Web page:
Autism,  Family,  mommyblog,  Parenting

The importance of balancing your “typical” kids, when you have kids with autism.

Today is Autism Tuesday, and I think it’s time we talk about a topic that although not directly related to children with autism, it is still something truly important for a family of autism to know about. So, let’s dive right in.

Having a child, or in my case, children, with autism is emotionally draining. It is also time consuming, because much of your time does revolve around them. Whether it be therapy sessions, sensory meltdowns, constant worrying and so on, your mind is always on them. For families like mine, that also have non-autistic children, well, the honest truth is that it’s hard to mentally be there for them sometimes. Now I know, that it sounds horrible, and it is, but it’s also the reality of this life. They are mentally easier children, and are able to do so much by themselves that, as parents, we sometimes forget that they still need us just as much as the “autistic” kids do. I am so proud of how independent our four year old little girl is. She may be four, but she knows more about acceptance and judgment than most kids her age, because she does have 2 siblings with special needs.  She may not know the terminology, but she does understand that her big brother, and her little sister both have brains that just think differently then hers or mine. She knows that some things come harder to them then it does to her, and that’s ok.

For the most part she is really good about being lugged to therapy sessions, or dealing with aggressive meltdowns. She’s even a huge help when it comes to dealing with the new baby. That being said, there are periods where she has just had it. She’s had it with the constant attention being on her siblings, so she starts to act out. I’d be lying if I said I wasn’t firmer with her then I am with the others,  but then I realize something that just breaks my heart: she didn’t ask for this. She didn’t ask to be born into a family with autistic kids. She didn’t ask to be brought to their therapy sessions, or to always have to worry about them. What she did ask for was a mom and dad who give her equal attention. She asked for princess dress up days, and mommy-and-me dates. She asked for typical activities that a four year old girl ask for, because she is a typical four year old girl. That is when I realize that, yes, I am the mom of 2 autistic children, but I am also the mom a beautiful typical four year old girl, and that four year old girl deserves mommy time too.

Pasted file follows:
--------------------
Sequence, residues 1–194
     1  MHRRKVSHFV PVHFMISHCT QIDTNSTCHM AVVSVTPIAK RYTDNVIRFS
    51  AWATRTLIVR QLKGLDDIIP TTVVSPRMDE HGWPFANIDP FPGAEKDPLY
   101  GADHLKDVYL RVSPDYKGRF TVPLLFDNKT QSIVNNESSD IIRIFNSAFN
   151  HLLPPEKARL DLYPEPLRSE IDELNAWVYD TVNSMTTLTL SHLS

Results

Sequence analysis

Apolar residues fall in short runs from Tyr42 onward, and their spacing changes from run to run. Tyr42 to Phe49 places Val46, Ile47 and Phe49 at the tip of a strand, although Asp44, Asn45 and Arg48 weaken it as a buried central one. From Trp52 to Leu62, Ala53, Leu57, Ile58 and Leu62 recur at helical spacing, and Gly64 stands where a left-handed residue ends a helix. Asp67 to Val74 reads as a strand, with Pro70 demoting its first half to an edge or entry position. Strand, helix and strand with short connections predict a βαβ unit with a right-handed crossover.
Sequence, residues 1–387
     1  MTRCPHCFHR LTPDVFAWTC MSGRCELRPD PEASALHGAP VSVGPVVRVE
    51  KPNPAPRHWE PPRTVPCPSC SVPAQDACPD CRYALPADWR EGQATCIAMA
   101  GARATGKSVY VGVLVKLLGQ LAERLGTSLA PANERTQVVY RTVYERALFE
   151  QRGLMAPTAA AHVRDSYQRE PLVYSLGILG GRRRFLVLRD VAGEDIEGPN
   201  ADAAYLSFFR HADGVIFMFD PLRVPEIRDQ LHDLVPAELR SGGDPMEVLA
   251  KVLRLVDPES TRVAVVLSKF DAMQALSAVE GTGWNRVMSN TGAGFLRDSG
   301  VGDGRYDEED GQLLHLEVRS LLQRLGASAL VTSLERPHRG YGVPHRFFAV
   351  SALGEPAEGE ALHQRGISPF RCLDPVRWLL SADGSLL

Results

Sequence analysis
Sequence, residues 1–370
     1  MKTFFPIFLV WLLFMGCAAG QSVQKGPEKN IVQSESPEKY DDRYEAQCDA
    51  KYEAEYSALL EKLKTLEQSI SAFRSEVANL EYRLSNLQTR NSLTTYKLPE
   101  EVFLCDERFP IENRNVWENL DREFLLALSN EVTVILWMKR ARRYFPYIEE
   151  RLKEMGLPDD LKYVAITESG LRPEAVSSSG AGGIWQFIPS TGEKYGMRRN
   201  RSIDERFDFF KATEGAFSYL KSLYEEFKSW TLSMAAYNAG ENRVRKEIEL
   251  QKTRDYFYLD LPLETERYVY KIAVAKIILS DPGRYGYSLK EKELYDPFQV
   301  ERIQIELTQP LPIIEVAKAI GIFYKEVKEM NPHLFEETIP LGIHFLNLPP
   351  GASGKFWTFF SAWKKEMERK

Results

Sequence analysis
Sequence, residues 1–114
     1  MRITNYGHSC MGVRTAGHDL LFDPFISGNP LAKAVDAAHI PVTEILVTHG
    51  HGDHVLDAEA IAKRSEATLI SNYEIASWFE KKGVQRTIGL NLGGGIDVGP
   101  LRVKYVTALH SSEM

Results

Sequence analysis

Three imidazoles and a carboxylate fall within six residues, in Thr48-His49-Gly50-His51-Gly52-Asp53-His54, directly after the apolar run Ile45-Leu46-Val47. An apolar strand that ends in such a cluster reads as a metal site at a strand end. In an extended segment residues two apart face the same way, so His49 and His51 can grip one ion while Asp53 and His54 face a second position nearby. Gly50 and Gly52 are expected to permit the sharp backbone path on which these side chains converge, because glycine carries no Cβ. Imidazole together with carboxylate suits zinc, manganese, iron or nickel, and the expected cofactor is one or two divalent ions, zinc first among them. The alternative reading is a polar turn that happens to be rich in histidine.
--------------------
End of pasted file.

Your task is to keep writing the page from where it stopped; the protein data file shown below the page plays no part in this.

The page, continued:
If you are reading this, and you don’t have special needs children, I hope you don’t pass judgment, although I’m sure it’s hard not to. I can assure you, that I love all four of my children equally, and I am so so very proud of all of them. It’s just the reality of what our lives are like. I do have to remind myself that just because she takes it like a champ most days, she needs mommy time too. If you are reading this and you are an autism family, I hope you can learn from this and know that sometimes we need to put the autism down and be all in for our other kids. In the end, we are ALL a family, and autism is part of our family, but it is not the only thing in our family.

One of the first things you need to do, as soon as your child starts “seeking” that attention, is to sit down with them and talk to them about their siblings. They need to understand that it is not that you WANT to spend more time with them, because certain things are more difficult for them. Talk to them about ways they can help their siblings too. When they start complaining how it’s not fair, just sympathize, because, truth be told, it’s not fair to them, but they are apart of this family and family sticks together no matter what. Once you have had a conversation with them, it’s time to show them that you do really want to spend time with them. Sit with them and create a calendar, and specifically section off specific days and time that is devoted to them. That way they have something to look forward to.